Repetition and contrast are opposites, so how do you use both concepts in the same song?
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In the most recent edition of the “Songwriter’s Quick Tips Newsletter”, I wrote an article about how to create songs that bring together the important concepts of repetition and contrast. Those two terms are almost opposites of each other, so how do you use repetition while at the same time ensuring that contrast is also playing a part? I’m reposting that article here, because it’s such an important aspect of songwriting.
The contrast principle has been an important part of music composition for centuries. In fact, back in the 13th century, “motets” would be composed that featured three different melodies, all setting three different lines of lyrics, often in different languages, all performed at the same time! The end result wasn’t as chaotic as it might seem, as you can hear.
But what does this have to do with songwriting in the 21st century? Even today, contrast is an integral part of music composition. The mere fact that we think in terms of verses and choruses is acknowledgement of the fact that we like to categorize our melodies, lyrics and chord progressions into ones used for the verse, and others useful for choruses.
At the same time, songwriters need to consider the equally important concept of repetition. Songs without repetition are hard for audiences to remember. Good melodies use repetition as a crucial component. If you listen to The Eagles’ huge hit, “Hotel California”, you’ll notice that while the verse melody is very long, it is made up of very short 2-bar phrases, many of which have a very similar shape: a few high notes, followed by a few that are one pitch lower, finishing with those first high notes again. In other words, a basic melodic shape is repeated over and over again to produce the verse melody.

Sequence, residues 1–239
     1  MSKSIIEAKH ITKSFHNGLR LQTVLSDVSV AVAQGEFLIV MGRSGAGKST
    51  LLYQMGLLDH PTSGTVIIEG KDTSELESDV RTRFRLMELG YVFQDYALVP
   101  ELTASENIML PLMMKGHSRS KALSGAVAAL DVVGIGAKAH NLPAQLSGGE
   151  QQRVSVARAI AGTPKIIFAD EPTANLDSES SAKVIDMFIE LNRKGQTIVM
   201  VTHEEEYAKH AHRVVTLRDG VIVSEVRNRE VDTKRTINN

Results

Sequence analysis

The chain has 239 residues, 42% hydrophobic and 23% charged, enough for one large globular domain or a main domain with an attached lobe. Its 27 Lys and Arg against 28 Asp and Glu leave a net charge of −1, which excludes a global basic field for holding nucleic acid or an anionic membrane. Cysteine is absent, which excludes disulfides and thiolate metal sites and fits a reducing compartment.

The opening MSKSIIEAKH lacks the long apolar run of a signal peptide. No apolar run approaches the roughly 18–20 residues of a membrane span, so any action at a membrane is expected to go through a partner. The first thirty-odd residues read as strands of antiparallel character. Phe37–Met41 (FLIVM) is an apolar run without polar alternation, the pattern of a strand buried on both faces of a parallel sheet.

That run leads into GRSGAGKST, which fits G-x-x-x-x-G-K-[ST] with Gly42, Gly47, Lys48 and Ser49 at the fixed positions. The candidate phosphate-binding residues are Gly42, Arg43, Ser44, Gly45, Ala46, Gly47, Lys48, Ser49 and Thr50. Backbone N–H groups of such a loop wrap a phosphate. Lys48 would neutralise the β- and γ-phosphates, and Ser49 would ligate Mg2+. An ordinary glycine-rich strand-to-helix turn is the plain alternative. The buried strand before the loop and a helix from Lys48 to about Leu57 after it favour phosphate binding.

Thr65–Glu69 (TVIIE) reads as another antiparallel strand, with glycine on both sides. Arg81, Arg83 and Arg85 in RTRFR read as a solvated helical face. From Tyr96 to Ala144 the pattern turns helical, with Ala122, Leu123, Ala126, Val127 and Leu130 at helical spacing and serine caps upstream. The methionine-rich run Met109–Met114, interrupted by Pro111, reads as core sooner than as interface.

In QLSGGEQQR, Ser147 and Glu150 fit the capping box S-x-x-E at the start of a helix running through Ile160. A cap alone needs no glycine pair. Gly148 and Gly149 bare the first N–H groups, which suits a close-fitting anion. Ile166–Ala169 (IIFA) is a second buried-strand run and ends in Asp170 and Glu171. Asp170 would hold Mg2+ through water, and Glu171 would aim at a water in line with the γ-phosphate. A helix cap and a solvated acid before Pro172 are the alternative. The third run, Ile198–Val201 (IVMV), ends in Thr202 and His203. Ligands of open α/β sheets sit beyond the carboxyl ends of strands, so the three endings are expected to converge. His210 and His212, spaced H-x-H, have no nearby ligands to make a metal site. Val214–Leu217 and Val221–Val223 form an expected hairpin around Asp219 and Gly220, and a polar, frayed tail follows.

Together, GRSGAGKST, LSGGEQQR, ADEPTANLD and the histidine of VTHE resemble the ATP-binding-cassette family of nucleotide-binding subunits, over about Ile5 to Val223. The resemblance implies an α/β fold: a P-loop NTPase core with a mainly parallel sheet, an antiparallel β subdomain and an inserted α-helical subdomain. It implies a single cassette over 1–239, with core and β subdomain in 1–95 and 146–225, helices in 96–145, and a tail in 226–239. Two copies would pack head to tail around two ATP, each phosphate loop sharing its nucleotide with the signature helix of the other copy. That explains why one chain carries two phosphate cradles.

The thing is, songs with too much repetition, and songs with not enough repetition, result in the same thing: listener boredom and fatigue.
So how do you bring the two concepts of repetition together in a song? How do you make sure that things are repeating enough to create memorable melodies, but not so much that they cause your audience to be bored?
Check out these quick tips:
- Use similar melodic shapes, but invert them in different parts of the song. One of my favourite examples in the past couple of years has been Taylor Swift’s hit song, “You Belong With Me.” In the verse, she starts with downward-moving melodic shapes, an idea that she repeats several times (“You’re on the phone with your girlfriend, She’s upset..”) . Then in the pre-chorus (“But she wears short skirts, I wear t-shirts..”), the direction of the shape changes, moving upward. That’s a beautiful coming-together of repetition and contrast.
- Try a “Palindromic” chord progression.This is a progression that works in two directions. Not many progressions will work both forward and backward, so it will take some experimenting. Once you’ve got one you like, use it in one direction for the verse, and backwards for the chorus. It works to add a strong sense of cohesiveness to your song. Here are some examples of palindromic progressions:
- C F Dm G C | C G Dm F C
- C Bbadd9 Eb F C | C F Eb Bbadd9 C
- C Bb Ab G Eb F C | C F Eb G Ab Bb C
- C G F Bb Am G C | C G Am Bb F G C
- C Dm7 C/E F Am Dm G C | C G Dm Am F C/E Dm7 C
- Use the same verse and chorus melody, but with instrumental modifications. Using the same melody in your verse and chorus is the ultimate in repetition, and it’s risky. You run the danger of your audience simply hearing that melody too many times, over and over again. But there’s an easy way to create the contrast necessary to make it work: Use a very sparse instrumentation for your verse, and then really fill things in for the chorus. Another solution is to use the same melody for your chorus, but sing it an octave higher.
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